Wednesday, August 15, 2012

Carpal Tunnel Syndrome

Carpal tunnel syndrome also known as median nerve dysfunction or median nerve entrapment is pressure on the median nerve.  The median nerve is the nerve in the wrist that supplies feeling and movement to the parts of the hand.  This can lead to numbness, tingling, weakness, or muscle damage in the hand and fingers.  The area in your wrist where the nerve enters the hand is called the carpal tunnel.  This tunnel is normally narrow, so any swelling can pinch the nerve and cause the above symptoms.  Carpal tunnel is commom in people who perform repetitive motions of the hand and wrist.  Typing on a keyboard is probably the most common cause of carpal tunnel syndrome, but others include: sewing, driving, painting, writing, use of tools (especially hand tools or tools that vibrate), sports such as racquetball or handball, and playing some musical instruments.  This condition is most common is people 30 to 60 years of age and is more common in women.  Some medical problems associated with carpal tunnel include: bone fractures and arthritis of the wrist, acromegaly, diabetes, alcoholism, hypothyroidism, kidney failure and dialysis, menopause, PMS, pregnancy, infections, obesity, rheumatoid arthritis (RA), systemic lupus erythematosus (SLE), and scleroderma.  Tests used for diagnosis include: electromyography, nerve conduction velocity, and wrist x-rays.  Treatment includes: wearing a splint at night for several weeks, if that does not help, try wearing the splint during the day.  Changes should be made according what is causing your carpal tunnel.  Medications used to treat it are ibuprofen and naproxen to reduce the swelling and help the pain.  Expectations are that 50% of the time treatment help but the others require surgery.  If you are having these symptoms please see your physician.  Stay Informed!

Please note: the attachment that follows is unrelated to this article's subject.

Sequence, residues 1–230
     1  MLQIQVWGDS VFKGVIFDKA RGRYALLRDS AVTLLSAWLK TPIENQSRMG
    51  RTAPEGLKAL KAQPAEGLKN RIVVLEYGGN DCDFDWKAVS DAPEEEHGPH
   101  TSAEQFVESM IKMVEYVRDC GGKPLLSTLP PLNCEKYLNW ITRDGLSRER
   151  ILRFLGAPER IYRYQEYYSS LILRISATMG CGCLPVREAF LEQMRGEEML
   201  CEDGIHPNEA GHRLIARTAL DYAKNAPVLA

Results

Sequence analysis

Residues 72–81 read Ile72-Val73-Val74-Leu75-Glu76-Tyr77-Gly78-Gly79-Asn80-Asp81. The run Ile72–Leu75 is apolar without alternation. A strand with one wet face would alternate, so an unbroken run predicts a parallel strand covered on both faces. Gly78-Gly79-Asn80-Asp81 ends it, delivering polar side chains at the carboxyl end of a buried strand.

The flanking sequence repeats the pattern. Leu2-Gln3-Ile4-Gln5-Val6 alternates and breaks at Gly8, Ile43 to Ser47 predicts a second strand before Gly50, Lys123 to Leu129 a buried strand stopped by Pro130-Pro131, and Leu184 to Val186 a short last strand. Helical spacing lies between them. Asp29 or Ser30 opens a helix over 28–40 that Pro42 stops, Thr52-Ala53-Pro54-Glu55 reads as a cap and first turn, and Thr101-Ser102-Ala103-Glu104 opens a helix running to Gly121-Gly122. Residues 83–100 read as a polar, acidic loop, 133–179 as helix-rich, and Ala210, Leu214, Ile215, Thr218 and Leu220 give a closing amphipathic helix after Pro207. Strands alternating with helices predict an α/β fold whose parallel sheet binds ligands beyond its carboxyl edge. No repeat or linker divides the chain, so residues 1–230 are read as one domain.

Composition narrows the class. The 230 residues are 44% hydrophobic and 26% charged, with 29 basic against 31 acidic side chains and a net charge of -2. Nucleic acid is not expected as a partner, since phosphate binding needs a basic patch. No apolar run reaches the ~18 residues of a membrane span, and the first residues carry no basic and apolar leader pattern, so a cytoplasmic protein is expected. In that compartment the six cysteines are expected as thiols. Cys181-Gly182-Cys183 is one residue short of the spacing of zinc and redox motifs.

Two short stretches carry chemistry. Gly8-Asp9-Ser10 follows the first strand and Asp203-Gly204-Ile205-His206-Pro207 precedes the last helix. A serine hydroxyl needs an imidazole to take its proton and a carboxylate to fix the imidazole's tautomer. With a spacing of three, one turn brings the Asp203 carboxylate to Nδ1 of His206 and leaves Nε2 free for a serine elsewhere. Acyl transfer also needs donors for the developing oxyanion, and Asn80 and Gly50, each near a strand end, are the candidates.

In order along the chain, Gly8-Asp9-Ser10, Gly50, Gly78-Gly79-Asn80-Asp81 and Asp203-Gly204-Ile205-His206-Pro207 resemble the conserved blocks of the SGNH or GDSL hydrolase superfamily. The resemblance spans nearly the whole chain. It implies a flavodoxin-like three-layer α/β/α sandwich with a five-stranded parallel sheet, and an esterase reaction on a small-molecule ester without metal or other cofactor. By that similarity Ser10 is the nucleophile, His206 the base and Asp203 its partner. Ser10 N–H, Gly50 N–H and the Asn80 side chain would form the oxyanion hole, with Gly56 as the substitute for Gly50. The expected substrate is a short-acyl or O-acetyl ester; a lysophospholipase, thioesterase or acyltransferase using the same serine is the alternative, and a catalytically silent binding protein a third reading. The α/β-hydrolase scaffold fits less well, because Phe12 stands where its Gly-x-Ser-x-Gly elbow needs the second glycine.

1 comment:

  1. Carpal Tunnel Syndrome is an author's worst nightmare. X